Sunday, August 6, 2017

The Rescuers: A Review (Review #930)


It wasn't for lack of interest that I had not seen The Rescuers until now.  I just never got around to it, or its sequel, The Rescuers Down Under.  If memory serves correct, despite the idea that The Rescuers is one of the Disney Studios' lesser films (no amusement park rides based on the film versus Splash Mountain built around Song of the South, safely buried deep inside the Disney Vault), it is the first Disney animated film to spawn a theatrical sequel before the direct-to-DVD craze hit the House of Mouse.  Having at last seen The Rescuers, I will say that while it doesn't rank among their masterpieces such as Snow White and the Seven Dwarfs or Beauty and the Beast, the film has its own charms and surprisingly dark elements to make it stand on its own. 

Penny (Michelle Stacy) sends a bottle with a note out to sea, and it is picked up by representatives of the Rescue Aid Society, a group of mice that meets at the United Nations.  Various nations and cities are represented there (I saw representatives from 'Vienna' and 'Africa') and the most beautiful and glamorous one is the representative from Hungary, Miss Bianca (Eva Gabor).  She is tasked with rescuing Penny, and while all the other male mice are eager to join her, she makes a most unlikely choice: the slightly bumbling and superstitious janitor, Bernard (Bob Newhart).  He's not a field agent (or field mouse for that matter), but Miss Bianca thinks he'll be perfect as her aide.

Off they go first to the orphanage where Penny was last before she disappeared, and the old cat, Rufus (John McIntire) tells them Penny was extremely sad that no one wanted to adopt her.  As such, her disappearance is most confusing.  She did not run away as it was first thought, but was kidnapped by Madame Medusa (Geraldine Page) and her own bumbling sidekick, Mr. Snoops (Joe Flynn).  Penny is small enough to go into a pirate's hideout, where Medusa wants to find The Devil's Eye, a fabulous diamond worth millions.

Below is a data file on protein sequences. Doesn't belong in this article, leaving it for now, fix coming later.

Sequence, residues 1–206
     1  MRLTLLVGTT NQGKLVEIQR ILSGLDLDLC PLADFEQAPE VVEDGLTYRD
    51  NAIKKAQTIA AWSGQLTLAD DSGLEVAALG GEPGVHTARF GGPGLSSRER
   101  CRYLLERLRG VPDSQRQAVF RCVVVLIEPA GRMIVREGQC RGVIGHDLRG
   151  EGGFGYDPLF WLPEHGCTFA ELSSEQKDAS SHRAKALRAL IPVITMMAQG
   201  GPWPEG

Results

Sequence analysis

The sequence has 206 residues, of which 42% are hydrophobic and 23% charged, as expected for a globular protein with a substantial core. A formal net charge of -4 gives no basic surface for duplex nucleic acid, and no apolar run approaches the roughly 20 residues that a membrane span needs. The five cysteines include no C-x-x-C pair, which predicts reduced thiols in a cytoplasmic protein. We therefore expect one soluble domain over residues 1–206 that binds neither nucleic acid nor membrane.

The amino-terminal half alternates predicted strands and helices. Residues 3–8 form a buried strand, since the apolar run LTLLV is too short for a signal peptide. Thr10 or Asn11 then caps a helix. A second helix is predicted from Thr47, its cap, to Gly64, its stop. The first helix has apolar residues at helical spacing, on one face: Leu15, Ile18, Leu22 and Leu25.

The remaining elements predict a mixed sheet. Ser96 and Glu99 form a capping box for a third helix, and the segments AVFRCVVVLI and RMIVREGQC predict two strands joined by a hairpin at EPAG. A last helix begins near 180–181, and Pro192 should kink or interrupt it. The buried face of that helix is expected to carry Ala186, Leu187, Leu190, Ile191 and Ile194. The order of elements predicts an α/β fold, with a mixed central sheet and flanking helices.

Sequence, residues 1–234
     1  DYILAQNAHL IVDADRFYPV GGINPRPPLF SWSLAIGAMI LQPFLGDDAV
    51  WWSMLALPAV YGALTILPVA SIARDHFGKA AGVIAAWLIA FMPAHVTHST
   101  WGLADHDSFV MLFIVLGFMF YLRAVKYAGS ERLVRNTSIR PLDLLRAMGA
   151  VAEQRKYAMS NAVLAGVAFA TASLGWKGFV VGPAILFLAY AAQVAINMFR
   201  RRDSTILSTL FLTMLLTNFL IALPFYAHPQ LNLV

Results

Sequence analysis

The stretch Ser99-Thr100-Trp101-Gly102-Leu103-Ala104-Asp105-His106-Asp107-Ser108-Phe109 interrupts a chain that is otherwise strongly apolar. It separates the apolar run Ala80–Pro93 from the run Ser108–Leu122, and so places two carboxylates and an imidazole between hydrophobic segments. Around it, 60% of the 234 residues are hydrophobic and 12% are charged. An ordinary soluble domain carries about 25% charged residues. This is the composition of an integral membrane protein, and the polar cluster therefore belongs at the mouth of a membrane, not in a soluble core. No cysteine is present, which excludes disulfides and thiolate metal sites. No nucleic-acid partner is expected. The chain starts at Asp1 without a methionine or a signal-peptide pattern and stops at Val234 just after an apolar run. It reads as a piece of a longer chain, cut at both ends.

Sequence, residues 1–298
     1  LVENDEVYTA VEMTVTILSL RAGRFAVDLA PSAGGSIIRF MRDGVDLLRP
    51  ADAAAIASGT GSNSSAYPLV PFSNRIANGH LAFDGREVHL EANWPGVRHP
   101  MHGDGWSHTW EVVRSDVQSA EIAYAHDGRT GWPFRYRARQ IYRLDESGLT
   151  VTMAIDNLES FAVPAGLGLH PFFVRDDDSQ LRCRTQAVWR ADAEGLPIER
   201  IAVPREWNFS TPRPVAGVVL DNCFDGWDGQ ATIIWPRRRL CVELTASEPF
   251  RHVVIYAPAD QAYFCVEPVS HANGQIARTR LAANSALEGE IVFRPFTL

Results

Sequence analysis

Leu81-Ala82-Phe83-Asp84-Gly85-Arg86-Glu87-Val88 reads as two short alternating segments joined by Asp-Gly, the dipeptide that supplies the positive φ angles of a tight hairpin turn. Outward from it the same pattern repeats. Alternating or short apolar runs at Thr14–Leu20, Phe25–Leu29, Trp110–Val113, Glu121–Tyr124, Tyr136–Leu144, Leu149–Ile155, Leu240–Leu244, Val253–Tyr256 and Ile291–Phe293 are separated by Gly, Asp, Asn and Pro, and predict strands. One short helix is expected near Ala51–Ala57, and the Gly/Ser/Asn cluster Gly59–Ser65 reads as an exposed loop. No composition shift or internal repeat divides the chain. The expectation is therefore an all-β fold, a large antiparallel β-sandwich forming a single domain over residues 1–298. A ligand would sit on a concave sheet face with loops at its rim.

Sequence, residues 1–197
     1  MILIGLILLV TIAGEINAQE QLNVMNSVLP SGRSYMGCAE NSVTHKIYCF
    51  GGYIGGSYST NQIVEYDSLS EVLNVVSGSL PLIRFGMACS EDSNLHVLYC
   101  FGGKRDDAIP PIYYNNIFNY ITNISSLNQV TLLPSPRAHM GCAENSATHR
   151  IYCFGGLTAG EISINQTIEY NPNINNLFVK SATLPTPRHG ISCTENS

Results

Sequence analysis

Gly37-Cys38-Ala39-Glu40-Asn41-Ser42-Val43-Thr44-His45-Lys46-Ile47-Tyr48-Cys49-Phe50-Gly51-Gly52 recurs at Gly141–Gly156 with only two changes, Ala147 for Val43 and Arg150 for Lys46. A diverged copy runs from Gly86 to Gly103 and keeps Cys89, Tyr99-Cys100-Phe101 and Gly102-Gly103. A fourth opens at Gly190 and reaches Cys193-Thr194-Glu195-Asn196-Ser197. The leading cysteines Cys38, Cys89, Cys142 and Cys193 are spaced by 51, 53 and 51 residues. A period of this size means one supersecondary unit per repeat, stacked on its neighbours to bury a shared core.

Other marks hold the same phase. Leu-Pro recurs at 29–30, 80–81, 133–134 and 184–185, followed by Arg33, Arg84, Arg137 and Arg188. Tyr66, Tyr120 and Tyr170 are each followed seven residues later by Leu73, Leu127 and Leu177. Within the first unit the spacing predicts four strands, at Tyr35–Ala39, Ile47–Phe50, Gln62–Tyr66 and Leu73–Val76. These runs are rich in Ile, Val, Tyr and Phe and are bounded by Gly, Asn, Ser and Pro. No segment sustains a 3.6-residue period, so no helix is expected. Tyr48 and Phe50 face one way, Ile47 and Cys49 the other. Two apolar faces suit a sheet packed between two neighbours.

Off then to the appropriately-named Devil's Bayou, where Bernard and Miss Bianca face more hurdles as they battle the wicked Medusa and Snoops while comforting Penny and her beloved teddy bear, Teddy.  It's a daring rescue that comes to a successful conclusion: Penny donates The Devil's Eye to the Smithsonian, and she gets adopted at last.  It's now that the Rescue Aid Society gets notice of someone else in danger, and so Miss Bianca and Bernard are off to the rescue, back with the less-than-stellar flying skills of albatross Orville (Jim Jordan) and back for more adventures.

The Rescuers is a cute-enough film, with a simple story told well.  I can't say that I was overwhelmed with it, but found it charming.  A good deal of that charm is probably due to the two leads, who play well off each other.  Newhart has been that buttoned-down figure for decades, and his Bernard is both a bit of a 'scaredy cat' and highly respectful though smitten partner to Miss Bianca.  Gabor, for her part, is all European elegance and sophistication as Bianca, almost always calm and quietly self-assured about her abilities.  The only times where she was not was when her life was in danger, which makes her panic understandable.

Page seems such a curious choice as the villainness Medusa, who I don't think has ever ranked high in the list of Disney villains (no Descendant for her, so to speak).  She struck me, at least physically, as being a very broad version of Carol Burnett, and her motivations, while simple, weren't clear for a long time.  Mr. Snoops was an even weaker villain, one who today might be held up as an example of 'fat shaming', given that the heavyset Snoops was bumbling and dimwitted.

However, Page did make Medusa threatening, always a good hallmark of villains.

In a curious turn, I noticed that almost none of the songs in The Rescuers were sung by the characters save for The Rescue Aid Anthem, and that was, well, an anthem.  Most are sung by one person in essentially voice-over, and more surprising is that the opening song The Journey (or Who Will Rescue Me?) was sung over illustrations rather than actual animation, which I found quite curious.

The Rescuers doesn't tell us what happened ultimate to Medusa or Snoops.  It also introduces a group of Cajun-type critters who appear to pop in and out as needed whom we don't really get to know, except for the dragonfly Erinrude.  I found it slightly dark and menacing for children, with kidnappings, creepy bayous, and ravenous crocodiles roaming the place.

Still, it was charming and cute enough to make for pleasant viewing.  At last, having finally seen The Rescuers, I think well enough of it to think it was worth the crying children.


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